In the midst of wage garnishments or preparing for them in the near future? Depending on your situation, it may be possible to use Chapter 7 bankruptcy to stop wage garnishments in Wisconsin.
When a bankruptcy case is filed, the automatic stay provision stops most creditors from continuing to collect during the Chapter 7 bankruptcy case.
Wisconsin wage garnishment law is in place to limit the amount that can be garnished from you wage. Generally speaking, creditors are only able to take up to 20% of your wages, but more can be possible depending on the specific kind of debt you owe.
An Introduction To Wage Garnishments in Wisconsin
Also sometimes referred to as a “wage attachment,” wage garnishments are orders handed down by a court or government agency and sent to your employer. This order requires the employer to withhold a given amount of money from each paycheck to be sent to your creditor.
Within each state’s garnishment laws are rules that apply to various kinds of debt people can incur. Legal limits are set on how much of your paycheck a creditor can ultimately garnish.
For most kinds of debt, creditors must first obtain a judgment from a court explicitly stating the debt. However, there are exceptions to this rule that are very important to be aware of.
Wages can be garnished without a court’s judgment for:
– Students loans you’ve defaulted on
– Unpaid court-ordered child support
– Unpaid income taxes
What limits does Wisconsin law impose on wage garnishments?
To prevent creditors from leaving debtors in financial ruin with enough left over to cover basic living expenses, Wisconsin, along with other states has imposed limits on how much can be taken.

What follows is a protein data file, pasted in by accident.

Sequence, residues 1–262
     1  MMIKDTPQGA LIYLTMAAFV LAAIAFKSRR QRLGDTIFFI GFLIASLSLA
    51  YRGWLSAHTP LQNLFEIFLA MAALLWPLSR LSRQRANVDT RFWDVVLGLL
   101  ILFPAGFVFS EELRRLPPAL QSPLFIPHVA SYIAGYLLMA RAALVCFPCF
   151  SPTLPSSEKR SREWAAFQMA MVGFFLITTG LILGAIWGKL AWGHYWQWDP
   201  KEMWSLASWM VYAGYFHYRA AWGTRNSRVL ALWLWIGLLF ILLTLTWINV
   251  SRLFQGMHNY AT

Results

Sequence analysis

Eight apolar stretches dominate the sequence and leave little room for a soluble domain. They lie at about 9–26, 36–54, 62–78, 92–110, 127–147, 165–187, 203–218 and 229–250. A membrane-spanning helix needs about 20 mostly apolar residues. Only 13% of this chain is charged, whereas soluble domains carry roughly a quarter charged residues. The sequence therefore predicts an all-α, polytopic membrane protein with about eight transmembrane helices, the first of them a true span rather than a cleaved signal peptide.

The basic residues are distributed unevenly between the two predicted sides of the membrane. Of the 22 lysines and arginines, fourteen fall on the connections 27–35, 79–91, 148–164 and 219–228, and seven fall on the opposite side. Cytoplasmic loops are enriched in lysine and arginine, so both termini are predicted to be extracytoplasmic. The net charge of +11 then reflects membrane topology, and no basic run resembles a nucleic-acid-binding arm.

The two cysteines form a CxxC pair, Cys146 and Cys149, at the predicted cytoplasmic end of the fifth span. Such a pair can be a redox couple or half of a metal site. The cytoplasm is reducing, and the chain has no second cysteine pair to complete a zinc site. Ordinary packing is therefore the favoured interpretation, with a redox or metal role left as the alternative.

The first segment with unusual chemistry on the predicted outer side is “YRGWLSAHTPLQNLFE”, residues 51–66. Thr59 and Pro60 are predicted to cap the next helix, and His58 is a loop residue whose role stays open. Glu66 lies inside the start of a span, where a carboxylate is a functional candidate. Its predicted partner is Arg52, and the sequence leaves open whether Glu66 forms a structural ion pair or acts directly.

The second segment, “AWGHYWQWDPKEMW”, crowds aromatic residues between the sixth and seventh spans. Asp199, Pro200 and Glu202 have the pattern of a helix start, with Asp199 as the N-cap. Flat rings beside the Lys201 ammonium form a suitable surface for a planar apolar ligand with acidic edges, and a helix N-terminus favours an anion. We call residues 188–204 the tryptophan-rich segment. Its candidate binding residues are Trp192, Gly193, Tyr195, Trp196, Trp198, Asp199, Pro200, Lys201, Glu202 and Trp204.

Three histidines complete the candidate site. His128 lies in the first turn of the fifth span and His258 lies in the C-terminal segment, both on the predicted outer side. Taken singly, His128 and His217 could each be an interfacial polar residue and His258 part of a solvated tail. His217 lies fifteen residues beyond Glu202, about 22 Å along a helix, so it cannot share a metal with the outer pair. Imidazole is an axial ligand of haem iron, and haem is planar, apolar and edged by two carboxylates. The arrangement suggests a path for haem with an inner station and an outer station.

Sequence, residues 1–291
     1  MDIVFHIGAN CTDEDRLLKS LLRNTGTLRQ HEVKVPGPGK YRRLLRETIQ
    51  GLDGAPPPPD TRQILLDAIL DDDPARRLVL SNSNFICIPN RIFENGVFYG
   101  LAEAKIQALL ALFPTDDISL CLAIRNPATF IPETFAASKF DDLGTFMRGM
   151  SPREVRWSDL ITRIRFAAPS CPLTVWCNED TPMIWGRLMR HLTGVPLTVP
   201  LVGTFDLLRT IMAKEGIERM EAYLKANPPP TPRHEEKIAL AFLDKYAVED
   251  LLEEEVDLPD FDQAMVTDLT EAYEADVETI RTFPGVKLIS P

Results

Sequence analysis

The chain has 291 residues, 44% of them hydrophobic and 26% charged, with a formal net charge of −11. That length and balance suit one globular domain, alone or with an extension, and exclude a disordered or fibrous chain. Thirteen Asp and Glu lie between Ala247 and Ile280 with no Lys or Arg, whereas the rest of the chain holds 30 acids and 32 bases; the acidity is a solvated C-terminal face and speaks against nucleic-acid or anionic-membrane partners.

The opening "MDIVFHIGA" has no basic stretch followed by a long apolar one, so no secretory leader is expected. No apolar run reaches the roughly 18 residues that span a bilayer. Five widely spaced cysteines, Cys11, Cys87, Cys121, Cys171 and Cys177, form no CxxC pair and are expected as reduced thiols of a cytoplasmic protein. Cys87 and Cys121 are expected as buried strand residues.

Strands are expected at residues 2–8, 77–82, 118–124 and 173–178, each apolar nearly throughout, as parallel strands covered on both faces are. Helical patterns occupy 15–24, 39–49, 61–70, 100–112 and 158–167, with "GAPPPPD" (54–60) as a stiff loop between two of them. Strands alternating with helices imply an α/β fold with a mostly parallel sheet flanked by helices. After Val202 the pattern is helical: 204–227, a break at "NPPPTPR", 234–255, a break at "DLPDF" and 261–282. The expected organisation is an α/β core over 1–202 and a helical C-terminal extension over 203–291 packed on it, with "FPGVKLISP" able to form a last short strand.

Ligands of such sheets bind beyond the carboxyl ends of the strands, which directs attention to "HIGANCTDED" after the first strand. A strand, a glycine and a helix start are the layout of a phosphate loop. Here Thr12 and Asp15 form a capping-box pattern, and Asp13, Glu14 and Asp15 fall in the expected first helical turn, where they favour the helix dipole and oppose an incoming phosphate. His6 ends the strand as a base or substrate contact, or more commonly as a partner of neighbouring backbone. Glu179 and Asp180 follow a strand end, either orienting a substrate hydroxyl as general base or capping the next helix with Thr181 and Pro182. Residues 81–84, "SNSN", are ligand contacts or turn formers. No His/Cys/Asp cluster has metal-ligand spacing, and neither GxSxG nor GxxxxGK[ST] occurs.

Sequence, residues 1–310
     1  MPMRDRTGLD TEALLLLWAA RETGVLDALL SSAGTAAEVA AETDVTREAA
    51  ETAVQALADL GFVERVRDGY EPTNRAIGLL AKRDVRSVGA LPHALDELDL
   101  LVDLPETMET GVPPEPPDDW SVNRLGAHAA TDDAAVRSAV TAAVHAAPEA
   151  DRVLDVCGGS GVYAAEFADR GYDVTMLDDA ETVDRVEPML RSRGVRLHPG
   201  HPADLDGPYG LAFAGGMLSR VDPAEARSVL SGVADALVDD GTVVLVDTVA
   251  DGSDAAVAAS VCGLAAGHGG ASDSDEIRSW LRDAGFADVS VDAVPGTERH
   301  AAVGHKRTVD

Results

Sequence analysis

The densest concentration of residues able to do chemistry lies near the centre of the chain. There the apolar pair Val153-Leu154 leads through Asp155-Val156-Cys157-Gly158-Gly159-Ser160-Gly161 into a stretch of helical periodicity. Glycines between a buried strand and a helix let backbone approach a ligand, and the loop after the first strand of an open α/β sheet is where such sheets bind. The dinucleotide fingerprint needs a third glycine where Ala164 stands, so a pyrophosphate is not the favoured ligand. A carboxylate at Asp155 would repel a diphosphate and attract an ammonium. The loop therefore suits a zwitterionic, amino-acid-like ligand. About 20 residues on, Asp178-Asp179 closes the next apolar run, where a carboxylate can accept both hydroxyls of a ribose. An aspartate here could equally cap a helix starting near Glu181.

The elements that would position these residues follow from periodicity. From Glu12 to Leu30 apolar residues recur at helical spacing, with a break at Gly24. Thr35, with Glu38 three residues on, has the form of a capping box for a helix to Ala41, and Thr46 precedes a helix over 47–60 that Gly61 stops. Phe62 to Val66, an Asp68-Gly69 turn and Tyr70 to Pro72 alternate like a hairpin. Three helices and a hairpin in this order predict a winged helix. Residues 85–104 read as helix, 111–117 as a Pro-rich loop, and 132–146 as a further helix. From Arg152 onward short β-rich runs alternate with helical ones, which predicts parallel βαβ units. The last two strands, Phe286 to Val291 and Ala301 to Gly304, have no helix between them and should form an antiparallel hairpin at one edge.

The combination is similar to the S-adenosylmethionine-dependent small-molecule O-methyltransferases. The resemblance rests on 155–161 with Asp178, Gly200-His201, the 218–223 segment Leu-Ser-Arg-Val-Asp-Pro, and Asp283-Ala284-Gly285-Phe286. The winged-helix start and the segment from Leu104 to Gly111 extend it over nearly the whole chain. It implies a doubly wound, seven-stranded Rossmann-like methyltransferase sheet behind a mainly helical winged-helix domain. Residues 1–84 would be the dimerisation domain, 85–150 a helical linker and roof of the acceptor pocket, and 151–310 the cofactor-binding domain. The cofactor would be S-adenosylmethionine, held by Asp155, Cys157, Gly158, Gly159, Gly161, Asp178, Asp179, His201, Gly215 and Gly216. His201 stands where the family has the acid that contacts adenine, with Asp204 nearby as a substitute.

Wisconsin law states that the most that can be taken is 20% of your disposable earnings, or the amount by which your disposable earnings exceed 30 times the federal minimum wage.
Whichever amount is less is regarded as the limit you can be garnished.
How can Chapter 7 bankruptcy stop my wage garnishments?
The moment you file for Chapter 7 bankruptcy in Wisconsin, you’re immediately protected by automatic stay imposed by the filing. While most wage collections are prohibited, some––such as child support––will not be prohibited.
It’s vitally important to realize that creditors can request the court to lift the stay under certain circumstances. Common situations where this occurs include:
– Instances where the debtor is behind on home mortgage or auto payments
– Instances where the creditor holds a non-dischargeable debt such as child support, or alimony and would like to collect on it.
– An eviction from your landlord due to failed payments
– Instances where you’re already delaying payments to creditors due to a Chapter 13 bankruptcy.
It’s also essential to understand that you may be denied a stay or be given a shorter one if you’ve filed for bankruptcy in the recent past.
Wage garnishments after the bankruptcy has ended
Since the automatic stay is attached to your Chapter 7 bankruptcy, it ends along with the case. If your bankruptcy ends up discharging the debt that was being collected through wage garnishments, then the creditor is not allowed to continue garnishing your paychecks.
On the other hand, if your bankruptcy is dismissed before a discharge, then creditors are free to continue with wage garnishments.
Looking for a way out of wage garnishments in the Beloit area? Our team of experienced bankruptcy attorneys can help you find the best solution to fit your circumstances. Contact an experiences bankruptcy attorney in Beloit for a free consultation today.
Photo credit: Catherine Read